This is a really fun circuit format where the group have the opportunity to be quite jovial with each other.
Place 12 cones in a line 10 of which have exercises written on the underside of the cone (not seen by the participants). The exercises must vary in intensity and difficulty from active recovery exercises such as prone hold through to burpees. Be sure to also write the number of repetitions you wish the participants to do. The two cones that are left blank are ‘joker cards’ and represent an exercise or series of exercises that are more difficult in nature than any of the cones, this gives the session a bit of suspense as no one wants to draw the ‘dud’ cone. The participants take turns in choosing a cone that the entire group must do together. In between each cone the group must perform a cardio based exercise for 1min (jogging, skipping, step-ups, shadow boxing). So for every cone that is performed there’s one minute of cardio attached to it (I like to alternate the cardio stations between skipping and jogging).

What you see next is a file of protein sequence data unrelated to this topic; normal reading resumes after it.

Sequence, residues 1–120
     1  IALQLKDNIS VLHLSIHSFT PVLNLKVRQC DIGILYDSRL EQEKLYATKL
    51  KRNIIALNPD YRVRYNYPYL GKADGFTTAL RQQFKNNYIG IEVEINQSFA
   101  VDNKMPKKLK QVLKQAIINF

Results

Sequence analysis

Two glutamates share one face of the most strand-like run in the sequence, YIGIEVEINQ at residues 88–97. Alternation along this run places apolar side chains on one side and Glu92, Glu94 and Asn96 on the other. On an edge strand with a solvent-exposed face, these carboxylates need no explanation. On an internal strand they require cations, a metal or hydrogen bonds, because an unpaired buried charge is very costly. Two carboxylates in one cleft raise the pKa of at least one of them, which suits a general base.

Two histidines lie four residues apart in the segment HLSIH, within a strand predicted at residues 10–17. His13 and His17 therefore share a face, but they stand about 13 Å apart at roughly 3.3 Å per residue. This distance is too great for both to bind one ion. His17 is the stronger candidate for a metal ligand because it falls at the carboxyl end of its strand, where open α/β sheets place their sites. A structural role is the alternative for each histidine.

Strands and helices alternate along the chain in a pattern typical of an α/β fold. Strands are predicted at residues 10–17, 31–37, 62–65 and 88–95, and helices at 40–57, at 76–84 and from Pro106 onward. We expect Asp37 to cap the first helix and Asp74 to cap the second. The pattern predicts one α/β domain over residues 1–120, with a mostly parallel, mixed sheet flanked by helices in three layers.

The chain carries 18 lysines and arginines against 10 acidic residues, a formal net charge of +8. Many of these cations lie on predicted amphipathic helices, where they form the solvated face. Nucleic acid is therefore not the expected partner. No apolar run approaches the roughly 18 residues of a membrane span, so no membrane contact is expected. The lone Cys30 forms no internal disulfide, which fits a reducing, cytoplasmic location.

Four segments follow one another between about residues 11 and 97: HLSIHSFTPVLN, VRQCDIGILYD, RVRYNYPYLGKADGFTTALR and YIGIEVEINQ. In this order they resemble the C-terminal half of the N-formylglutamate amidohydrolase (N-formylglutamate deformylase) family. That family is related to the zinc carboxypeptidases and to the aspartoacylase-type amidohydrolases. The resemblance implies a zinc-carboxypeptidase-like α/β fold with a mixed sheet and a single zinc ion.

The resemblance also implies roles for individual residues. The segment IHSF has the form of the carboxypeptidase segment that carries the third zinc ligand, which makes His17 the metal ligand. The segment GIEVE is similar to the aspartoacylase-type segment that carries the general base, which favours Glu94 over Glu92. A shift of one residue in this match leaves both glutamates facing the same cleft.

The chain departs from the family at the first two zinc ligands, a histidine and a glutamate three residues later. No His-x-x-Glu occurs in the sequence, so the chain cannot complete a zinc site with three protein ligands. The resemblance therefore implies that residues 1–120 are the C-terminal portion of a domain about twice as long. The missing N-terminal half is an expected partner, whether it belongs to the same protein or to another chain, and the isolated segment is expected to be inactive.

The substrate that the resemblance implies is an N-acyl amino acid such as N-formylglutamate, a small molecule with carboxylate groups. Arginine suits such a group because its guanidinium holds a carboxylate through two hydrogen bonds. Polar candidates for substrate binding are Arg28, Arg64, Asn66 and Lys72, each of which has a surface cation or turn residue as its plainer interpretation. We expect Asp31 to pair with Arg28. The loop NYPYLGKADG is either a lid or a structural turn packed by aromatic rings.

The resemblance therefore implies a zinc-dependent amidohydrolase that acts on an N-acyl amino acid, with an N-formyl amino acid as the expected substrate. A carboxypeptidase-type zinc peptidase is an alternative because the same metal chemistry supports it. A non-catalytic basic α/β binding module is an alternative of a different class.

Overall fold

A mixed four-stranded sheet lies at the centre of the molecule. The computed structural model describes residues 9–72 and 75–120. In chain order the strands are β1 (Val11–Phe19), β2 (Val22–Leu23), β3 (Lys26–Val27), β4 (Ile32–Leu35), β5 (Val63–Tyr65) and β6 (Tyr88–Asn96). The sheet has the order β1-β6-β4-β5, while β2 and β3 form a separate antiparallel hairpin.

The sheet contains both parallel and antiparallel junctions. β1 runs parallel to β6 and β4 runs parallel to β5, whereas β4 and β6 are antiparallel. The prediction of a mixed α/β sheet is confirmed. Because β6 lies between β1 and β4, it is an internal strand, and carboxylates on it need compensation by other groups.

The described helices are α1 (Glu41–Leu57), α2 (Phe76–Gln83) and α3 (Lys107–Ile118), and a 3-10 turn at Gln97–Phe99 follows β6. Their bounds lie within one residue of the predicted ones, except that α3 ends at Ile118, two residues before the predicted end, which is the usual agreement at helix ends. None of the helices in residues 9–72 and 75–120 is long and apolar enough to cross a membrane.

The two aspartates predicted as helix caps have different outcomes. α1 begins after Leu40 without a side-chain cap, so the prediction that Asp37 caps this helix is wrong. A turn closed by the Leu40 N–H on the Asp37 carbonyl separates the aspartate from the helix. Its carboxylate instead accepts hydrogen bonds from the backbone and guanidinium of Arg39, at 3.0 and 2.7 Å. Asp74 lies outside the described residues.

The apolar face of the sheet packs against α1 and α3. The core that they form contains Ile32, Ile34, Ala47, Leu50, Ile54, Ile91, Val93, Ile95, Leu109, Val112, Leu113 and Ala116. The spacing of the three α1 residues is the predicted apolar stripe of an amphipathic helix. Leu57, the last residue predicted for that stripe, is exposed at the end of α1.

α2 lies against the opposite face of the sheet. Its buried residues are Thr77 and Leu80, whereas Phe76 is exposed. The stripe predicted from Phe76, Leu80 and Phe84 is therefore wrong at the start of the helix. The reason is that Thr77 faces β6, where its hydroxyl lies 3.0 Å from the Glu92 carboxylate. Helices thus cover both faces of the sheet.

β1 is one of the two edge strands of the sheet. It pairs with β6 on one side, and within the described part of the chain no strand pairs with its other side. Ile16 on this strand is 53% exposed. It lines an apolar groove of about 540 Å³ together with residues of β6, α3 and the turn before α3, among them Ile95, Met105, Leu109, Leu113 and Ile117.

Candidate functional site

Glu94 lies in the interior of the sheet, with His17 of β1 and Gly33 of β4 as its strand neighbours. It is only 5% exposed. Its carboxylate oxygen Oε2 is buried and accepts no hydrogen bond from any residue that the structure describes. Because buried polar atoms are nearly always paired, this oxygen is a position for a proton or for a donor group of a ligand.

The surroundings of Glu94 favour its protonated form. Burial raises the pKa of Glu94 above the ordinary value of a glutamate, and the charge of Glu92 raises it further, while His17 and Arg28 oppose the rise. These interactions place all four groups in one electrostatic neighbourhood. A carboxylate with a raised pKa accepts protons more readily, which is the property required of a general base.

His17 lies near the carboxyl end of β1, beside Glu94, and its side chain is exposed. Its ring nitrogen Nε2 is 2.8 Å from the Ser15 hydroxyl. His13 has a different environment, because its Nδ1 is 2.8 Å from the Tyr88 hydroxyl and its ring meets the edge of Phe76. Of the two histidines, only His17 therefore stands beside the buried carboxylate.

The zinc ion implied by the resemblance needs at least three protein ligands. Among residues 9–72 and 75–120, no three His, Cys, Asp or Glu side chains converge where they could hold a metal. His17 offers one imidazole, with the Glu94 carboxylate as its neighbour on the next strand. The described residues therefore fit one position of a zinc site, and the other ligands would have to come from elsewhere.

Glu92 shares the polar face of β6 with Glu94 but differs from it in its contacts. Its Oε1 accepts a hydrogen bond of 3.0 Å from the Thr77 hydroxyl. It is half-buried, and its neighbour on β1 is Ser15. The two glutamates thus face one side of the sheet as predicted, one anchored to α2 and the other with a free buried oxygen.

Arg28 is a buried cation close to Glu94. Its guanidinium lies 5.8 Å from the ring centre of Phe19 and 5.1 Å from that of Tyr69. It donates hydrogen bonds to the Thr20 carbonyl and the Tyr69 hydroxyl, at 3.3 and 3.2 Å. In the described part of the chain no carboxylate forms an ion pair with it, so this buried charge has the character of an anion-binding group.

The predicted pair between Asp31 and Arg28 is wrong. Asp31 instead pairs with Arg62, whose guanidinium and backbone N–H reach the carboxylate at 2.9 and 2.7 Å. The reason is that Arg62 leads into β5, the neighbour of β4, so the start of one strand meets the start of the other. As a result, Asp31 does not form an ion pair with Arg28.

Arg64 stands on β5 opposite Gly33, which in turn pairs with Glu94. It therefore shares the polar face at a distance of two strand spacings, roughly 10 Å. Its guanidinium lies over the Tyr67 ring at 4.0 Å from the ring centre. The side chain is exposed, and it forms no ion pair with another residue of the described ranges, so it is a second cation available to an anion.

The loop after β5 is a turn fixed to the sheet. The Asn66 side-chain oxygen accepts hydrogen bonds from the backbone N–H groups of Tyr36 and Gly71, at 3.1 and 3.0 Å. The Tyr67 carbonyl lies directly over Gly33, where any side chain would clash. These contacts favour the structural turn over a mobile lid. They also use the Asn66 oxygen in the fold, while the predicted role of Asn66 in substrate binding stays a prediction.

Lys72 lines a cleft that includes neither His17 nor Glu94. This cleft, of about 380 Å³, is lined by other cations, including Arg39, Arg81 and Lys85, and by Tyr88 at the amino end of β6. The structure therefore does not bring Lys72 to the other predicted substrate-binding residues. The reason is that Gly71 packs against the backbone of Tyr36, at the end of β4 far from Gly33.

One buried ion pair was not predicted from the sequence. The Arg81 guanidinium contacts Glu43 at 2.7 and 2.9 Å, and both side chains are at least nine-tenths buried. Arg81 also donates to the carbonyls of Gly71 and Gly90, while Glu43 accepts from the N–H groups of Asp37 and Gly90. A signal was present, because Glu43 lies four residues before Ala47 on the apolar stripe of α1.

The session finishes when all cones are completed.
What other ways do you create comradery amongst your groups? Leave us a comment below!
There are many forms of visualisation, and most of us know it in a sporting context as the use of imagery to reinforce a desired outcome of an activity or competition. It’s often used in preparation for the activity, for example an Olympic lifter going through their cues before they go to the platform or a soccer player seeing themselves performing the team plays.
Visualisation from a sports psychology perspective has been around for quite some time and is an important part of an athlete’s mental focus (studies have shown that visualisation alone can improve performance without training!). It can also be found in any good counsellor’s clinic, yoga studio or meditation retreat. So why wouldn’t we as Personal Trainers look to tap into this powerful tool also?